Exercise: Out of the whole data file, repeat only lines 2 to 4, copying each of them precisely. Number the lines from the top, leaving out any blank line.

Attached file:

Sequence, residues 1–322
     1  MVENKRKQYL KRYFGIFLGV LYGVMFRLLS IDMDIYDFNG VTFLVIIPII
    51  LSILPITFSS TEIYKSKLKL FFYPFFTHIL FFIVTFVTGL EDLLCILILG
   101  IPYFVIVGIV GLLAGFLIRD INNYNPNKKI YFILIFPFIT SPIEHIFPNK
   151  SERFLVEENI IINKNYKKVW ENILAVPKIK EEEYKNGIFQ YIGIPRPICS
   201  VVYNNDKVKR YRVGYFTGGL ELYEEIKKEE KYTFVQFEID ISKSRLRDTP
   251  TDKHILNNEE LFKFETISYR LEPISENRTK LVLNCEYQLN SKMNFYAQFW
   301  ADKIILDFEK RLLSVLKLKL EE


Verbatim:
     1  MVENKRKQYL KRYFGIFLGV LYGVMFRLLS IDMDIYDFNG VTFLVIIPII
    51  LSILPITFSS TEIYKSKLKL FFYPFFTHIL FFIVTFVTGL EDLLCILILG
   101  IPYFVIVGIV GLLAGFLIRD INNYNPNKKI YFILIFPFIT SPIEHIFPNK